Martin Farawell, Program Director, Poetry
In his 1991 essay, “Slow Down for Poetry,” former U.S. Poet Laureate Mark Strand wrote that poetry invites us to step out of the pace of our everyday lives and slow down. It requires we change the speed at which we usually absorb information. We can’t skim over a poem the way we do newspaper or website pages. With poetry, we pause to meditate over a line, phrase or image, rereading passages, stanzas, whole poems many times. We don’t so much slow down for poetry as allow poetry to slow us down.
Speaking to students at the 2006 Dodge Festival, current U.S. Poet Laureate Philip Levine said that everyone needs to find their poetry. Poetry, for him, was the one thing that engaged all the many aspects of himself, that made him feel most fulfilled, most true to his truest self. He said that everyone needs to find something like this in their lives. For some people, like Levine, it’s poetry, but it could be any art, or work, or hobby.
We’ve all had the experience of being so deeply absorbed in something—creative work, meditation, conversation—that we lose all sense of time. We look at the clock and are shocked by how much later it is than we’d thought, or, we complete a challenging task and discover with focused attention it took a fraction of the time anticipated.
Perhaps we don’t need to slow down for poetry so much as to allow ourselves to make the time to forget time. There is no better way to do this than to make time for our poetry, whatever that is: gardening, wood working, playing or listening to music, dancing, yoga, reading or writing. It is particularly important to do this when we are certain we have no time. During periods of my life when adding anything extra to my schedule seemed impossible if not downright insane, I would set the alarm a little earlier to create time for silent reading in the early morning. I’m certain that’s how I got through those stressful times.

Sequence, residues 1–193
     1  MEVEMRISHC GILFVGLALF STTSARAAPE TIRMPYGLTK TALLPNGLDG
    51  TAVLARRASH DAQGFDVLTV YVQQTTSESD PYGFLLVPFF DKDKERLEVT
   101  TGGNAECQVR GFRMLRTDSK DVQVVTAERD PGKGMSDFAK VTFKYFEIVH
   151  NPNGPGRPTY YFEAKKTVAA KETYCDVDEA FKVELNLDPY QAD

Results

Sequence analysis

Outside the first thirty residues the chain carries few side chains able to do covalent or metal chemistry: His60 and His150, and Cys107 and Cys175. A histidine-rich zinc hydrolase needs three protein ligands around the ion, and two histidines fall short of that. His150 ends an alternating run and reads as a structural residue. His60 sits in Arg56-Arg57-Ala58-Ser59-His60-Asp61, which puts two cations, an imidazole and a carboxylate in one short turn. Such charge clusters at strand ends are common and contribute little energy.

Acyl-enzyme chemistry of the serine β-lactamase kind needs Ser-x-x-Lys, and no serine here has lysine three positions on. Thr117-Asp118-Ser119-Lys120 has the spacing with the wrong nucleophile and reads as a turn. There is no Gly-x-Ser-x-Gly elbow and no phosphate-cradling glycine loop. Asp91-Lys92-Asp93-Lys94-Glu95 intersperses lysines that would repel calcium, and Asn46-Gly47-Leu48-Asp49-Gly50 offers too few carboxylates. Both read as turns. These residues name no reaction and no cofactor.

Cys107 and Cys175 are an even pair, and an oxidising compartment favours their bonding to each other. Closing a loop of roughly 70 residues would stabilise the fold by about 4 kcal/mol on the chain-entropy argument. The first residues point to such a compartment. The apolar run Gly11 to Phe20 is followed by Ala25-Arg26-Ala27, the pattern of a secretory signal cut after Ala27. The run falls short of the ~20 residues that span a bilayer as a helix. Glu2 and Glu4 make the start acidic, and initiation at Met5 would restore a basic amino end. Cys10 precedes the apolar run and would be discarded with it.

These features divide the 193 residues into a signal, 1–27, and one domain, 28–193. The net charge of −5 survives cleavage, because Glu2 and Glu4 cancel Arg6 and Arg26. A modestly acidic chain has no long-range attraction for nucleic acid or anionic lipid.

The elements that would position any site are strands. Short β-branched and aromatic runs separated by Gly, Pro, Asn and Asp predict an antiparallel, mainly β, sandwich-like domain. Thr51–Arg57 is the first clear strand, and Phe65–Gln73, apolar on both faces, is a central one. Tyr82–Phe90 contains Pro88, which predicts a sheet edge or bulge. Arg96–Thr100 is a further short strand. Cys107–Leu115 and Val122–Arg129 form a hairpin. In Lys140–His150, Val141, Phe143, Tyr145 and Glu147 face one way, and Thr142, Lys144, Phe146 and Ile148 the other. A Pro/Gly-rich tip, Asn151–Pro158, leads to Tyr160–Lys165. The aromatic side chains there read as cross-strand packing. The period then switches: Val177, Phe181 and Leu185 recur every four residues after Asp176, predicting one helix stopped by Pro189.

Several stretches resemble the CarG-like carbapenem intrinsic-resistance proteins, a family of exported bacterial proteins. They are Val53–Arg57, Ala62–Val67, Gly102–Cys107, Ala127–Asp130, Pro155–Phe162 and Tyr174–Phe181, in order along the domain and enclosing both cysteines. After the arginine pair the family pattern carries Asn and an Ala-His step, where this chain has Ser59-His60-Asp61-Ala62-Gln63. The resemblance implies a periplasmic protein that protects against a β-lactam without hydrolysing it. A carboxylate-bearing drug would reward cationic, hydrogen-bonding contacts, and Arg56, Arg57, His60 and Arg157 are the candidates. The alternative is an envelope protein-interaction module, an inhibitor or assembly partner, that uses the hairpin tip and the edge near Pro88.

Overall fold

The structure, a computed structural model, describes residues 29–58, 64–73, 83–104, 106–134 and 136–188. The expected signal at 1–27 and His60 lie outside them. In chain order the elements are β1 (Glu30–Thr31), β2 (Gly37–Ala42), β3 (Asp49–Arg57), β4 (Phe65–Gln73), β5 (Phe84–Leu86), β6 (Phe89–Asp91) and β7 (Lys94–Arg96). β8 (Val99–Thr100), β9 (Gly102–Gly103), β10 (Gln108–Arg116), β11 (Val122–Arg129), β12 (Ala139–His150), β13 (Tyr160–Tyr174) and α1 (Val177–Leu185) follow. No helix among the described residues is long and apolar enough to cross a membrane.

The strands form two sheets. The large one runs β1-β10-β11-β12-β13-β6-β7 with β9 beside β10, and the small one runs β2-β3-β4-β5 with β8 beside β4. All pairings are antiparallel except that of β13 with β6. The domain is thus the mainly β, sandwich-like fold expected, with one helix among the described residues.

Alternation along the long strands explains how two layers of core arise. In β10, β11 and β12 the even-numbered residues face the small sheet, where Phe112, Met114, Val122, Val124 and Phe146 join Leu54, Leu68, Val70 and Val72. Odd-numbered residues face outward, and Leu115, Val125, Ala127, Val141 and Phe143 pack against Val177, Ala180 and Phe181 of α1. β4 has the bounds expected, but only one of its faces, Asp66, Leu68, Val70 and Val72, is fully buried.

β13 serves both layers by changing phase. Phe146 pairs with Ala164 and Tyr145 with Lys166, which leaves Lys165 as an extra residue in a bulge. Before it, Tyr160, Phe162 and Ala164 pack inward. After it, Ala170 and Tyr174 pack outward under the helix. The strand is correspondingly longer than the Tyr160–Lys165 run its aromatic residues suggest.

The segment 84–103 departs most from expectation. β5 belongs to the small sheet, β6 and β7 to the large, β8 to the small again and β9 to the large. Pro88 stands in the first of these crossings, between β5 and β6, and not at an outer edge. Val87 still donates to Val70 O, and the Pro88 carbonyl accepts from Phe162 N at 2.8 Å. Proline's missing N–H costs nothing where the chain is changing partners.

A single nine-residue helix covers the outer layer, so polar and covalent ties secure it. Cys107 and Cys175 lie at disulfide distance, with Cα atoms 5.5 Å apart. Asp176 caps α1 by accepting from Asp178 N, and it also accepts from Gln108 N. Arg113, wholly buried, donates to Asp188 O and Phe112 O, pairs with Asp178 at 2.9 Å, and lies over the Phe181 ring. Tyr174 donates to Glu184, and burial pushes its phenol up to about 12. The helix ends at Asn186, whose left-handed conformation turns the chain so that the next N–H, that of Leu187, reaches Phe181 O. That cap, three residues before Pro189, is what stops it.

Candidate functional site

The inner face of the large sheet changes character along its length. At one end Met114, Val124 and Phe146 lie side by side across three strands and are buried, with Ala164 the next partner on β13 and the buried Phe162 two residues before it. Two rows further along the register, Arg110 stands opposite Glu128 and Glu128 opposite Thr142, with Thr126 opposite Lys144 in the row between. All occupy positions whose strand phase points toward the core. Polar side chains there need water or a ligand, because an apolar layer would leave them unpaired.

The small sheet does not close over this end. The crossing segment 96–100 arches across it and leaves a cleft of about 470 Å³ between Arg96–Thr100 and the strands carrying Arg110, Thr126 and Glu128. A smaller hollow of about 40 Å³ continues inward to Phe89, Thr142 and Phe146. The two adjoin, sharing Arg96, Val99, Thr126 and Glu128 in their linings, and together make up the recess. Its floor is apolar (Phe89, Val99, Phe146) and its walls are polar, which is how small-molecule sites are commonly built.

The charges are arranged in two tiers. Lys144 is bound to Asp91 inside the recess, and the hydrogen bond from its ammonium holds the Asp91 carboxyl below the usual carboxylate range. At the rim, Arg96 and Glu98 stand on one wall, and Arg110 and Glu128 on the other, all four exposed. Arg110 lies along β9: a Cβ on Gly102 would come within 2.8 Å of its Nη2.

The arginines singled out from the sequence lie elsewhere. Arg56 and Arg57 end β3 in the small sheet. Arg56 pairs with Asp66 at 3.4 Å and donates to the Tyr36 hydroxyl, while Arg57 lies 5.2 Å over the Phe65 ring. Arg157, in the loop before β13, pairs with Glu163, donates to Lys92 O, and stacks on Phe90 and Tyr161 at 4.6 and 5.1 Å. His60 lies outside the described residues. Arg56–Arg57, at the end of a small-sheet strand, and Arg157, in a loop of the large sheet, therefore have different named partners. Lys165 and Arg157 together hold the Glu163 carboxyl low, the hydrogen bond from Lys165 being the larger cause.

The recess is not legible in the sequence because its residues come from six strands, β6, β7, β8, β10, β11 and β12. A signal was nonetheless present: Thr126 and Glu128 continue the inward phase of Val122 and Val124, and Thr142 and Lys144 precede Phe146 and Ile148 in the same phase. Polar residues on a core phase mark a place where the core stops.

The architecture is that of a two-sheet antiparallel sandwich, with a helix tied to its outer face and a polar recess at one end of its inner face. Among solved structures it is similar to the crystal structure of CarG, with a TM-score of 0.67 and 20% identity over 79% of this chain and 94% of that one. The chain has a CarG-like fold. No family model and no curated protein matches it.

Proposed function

And let us not make “resolutions” to do this, as if to do what brings us joy requires resolve. Instead, let’s make gifts, little gifts to ourselves of an evening here or there, or even fifteen minutes in the morning, to do something we find fulfilling. You might discover it is poetry. But whatever it is, allowing ourselves time for it is not a selfish act. Doing what brings us fulfillment makes us less impatient, less frustrated, calmer and more centered. It makes us easier to be around, which makes us better friends, partners, citizens, parents and co-workers. Of course, we already know this. Perhaps the first gift is to allow ourselves to act on what we know about ourselves.